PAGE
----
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Muffler (silver) and exhaust pipe on a Ducati motorcycle
This picture of an old muffler which is cut open for repairs shows the insulation, chambers and piping inside the muffler housing.

A muffler (silencer in many non-US English speaking countries) is a device for decreasing the amount of noise emitted by the exhaust of an internal combustion engine.


The US Patent for an ‘Exhaust muffler for engines’ was awarded to Milton O. Reeves and Marshall T. Reeves of Columbus, Indiana of the Reeves Pulley Company on 11 May 1897. US Patent Office application № 582485 states that they “have invented certain new and useful Improvements in Exhaust-Mufflers for engines”.[1]


Dual tailpipes attached to the muffler on a passenger car
A CRX muffler detached from the car.

Mufflers are installed within the exhaust system of most internal combustion engines, although the muffler is not designed to serve any primary exhaust function. The muffler is engineered as an acoustic soundproofing device designed to reduce the loudness of the sound pressure created by the engine by way of acoustic quieting. The majority of the sound pressure produced by the engine is emanated out of the vehicle via the same piping used by the silent exhaust gases. The emitted noise is abated by a series of passages and chambers lined with roving fiberglass insulation and/or resonating chambers harmonically tuned to cause destructive interference, wherein opposite sound waves cancel each other out.[2][3]

An unavoidable side effect of muffler use is an increase of back pressure, which decreases engine efficiency. This is because the engine exhaust must share the same complex exit pathway built inside the muffler as the sound pressure that the muffler is designed to mitigate.

Some vehicle owners remove or install an aftermarket muffler when engine tuning in order to increase power output or reduce fuel consumption because of economic or environmental concerns, recreational pursuits such as motorsport and hypermiling and/or for personal aesthetic acoustical preferences. Although the legality of altering a motor vehicle's OEM exhaust system varies by jurisdiction, in many developed parts of the world, modification of a vehicle's exhaust system is usually highly regulated if not strictly prohibited.[4][5][6]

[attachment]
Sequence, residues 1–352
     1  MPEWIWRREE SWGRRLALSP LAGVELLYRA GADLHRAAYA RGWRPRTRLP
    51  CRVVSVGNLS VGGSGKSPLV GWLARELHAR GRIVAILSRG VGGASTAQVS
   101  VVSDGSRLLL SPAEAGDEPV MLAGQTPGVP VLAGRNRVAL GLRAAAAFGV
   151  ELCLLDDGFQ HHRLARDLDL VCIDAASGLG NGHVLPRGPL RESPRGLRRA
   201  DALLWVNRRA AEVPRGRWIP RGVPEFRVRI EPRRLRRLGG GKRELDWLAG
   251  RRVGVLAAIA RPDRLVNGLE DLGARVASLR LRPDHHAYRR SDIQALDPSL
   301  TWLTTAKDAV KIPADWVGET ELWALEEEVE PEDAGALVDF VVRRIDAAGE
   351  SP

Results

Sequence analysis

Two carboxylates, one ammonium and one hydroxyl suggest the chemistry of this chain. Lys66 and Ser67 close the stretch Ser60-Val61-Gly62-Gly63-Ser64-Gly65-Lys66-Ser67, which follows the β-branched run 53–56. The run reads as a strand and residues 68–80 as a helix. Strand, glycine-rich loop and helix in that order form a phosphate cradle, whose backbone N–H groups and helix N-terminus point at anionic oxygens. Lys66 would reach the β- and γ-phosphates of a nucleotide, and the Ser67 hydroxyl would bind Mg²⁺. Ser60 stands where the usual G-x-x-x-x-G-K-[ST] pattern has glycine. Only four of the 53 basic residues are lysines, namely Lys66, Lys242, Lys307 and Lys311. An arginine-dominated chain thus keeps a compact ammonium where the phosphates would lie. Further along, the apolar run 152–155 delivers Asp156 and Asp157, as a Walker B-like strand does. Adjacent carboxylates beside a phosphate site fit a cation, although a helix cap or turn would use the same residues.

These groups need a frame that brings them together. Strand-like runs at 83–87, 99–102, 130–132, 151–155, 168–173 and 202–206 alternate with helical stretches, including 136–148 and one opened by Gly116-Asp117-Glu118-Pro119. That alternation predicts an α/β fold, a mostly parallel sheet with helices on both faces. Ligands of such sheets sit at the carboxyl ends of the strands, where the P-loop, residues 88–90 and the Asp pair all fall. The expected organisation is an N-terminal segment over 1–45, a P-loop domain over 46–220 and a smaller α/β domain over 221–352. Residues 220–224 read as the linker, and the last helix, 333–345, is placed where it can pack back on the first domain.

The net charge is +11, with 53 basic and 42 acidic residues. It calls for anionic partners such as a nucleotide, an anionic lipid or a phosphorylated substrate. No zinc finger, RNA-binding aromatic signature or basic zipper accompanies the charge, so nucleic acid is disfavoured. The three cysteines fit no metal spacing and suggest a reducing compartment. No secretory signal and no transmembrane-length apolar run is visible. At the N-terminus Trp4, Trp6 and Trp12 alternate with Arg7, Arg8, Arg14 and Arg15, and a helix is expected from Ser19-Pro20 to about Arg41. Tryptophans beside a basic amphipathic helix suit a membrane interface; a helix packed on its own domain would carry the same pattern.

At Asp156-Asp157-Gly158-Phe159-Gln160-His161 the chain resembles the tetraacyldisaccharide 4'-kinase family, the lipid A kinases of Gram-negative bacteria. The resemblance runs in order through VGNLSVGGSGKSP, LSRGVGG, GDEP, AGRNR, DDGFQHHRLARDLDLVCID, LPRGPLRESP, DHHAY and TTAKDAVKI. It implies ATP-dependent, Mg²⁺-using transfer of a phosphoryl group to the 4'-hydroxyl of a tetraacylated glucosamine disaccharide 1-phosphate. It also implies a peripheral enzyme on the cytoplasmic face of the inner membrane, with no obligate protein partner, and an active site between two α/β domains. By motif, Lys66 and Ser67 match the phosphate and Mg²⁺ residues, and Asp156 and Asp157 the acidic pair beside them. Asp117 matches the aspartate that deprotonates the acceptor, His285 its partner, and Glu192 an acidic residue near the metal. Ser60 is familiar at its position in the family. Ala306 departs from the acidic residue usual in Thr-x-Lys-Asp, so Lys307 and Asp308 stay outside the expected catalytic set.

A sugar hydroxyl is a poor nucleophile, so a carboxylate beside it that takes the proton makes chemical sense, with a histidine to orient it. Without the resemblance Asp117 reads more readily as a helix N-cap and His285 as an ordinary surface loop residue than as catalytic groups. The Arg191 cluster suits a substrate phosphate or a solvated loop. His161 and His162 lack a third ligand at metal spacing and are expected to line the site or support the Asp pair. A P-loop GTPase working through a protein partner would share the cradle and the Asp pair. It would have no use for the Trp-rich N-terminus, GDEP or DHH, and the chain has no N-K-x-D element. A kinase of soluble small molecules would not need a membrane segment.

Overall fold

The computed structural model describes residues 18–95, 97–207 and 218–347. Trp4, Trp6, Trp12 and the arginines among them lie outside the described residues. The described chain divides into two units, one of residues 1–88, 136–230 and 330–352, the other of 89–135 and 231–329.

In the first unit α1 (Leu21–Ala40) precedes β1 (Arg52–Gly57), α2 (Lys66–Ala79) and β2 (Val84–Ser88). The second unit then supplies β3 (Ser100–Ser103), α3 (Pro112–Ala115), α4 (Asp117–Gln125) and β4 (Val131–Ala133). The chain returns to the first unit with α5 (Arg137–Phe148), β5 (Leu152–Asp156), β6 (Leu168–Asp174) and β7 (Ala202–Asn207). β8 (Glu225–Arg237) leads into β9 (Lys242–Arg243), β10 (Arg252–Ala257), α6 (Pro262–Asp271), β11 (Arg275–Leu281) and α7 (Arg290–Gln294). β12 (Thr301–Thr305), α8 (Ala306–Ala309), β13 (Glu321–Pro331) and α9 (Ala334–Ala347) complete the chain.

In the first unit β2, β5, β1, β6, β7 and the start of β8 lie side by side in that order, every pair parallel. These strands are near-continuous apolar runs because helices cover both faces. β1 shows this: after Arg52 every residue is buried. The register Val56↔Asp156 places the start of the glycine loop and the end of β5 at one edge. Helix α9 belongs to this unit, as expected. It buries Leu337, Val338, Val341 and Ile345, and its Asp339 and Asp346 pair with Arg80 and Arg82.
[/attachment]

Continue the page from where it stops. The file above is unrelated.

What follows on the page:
There are 2 main types of performance mufflers based on the installation type.

  • Vehicle-specific. These mufflers are made for a specific vehicle application and are direct replacement to the stock muffler. They will work on the vehicle the right way and employ factory mounting points from the stock muffler[7].
  • Dimension-specific or universal. To pick the right universal muffler for the specific vehicle application, one has to measure their exhaust (inlet, outlet, muffler diameter) and then select from the mufflers that correspond to these characteristics.

Aftermarket mufflers usually feature different pitch and may alter the way vehicle performs due to back pressure decrease[8].

A muffler on a large diesel-powered truck

Trade-off between power increase and noise reduction

A cutaway view of a muffler showing the interior pipes and chambers.

When the flow of exhaust gases from the engine to the atmosphere is obstructed to any degree, back pressure arises and the engine's efficiency, and therefore power, is reduced. Performance-oriented mufflers and exhaust systems thus strive to minimize back pressure by employing numerous technologies and methods to attenuate the sound. For the majority of such systems, however, the general rule of “more power, more noise”[9] applies. Several such exhaust systems that utilize various designs and construction methods:

  • Vector muffler - for larger diesel trucks, uses many concentric cones,[citation needed] or for performance automotive applications, using angled baffles to cause exhaust impulses to cancel each other out.
  • Spiral baffle muffler - for regular cars, uses a spiral-shaped baffle system[10]
  • Aero turbine muffler - creates partial vacuums at carefully spaced out time intervals to create negative back pressure, effectively ‘sucking’ the exhaust out of the combustion cylinders[11]

See also


  1. ^ "Exhaust Muffler For Engines Muffler Patent". Google. Retrieved 22 June 2014. 
  2. ^
  3. ^
  4. ^
  5. ^
  6. ^
  7. ^ Grayen, Michael (August 2014). "Performance Mufflers: Installation, Fitment, Specs". 
  8. ^ D. W. Herrin (2012). "Vibro-Acoustic Design in Mechanical Systems" (PDF). University of Kentucky. 
  9. ^ "Exhaust Theory". NSX Prime. Archived from the original on 4 November 2013. Retrieved 22 June 2014. 
  10. ^ "Spiral Turbo Specialties:". Spiral Turbo Specialties. Retrieved 22 June 2014. 
  11. ^ "Aero Turbine Series Performance Exhaust Mufflers". Pickup Specialties. Archived from the original on 16 May 2014. Retrieved 22 June 2014. 

External links

  • Howstuffworks: "How Mufflers Work"
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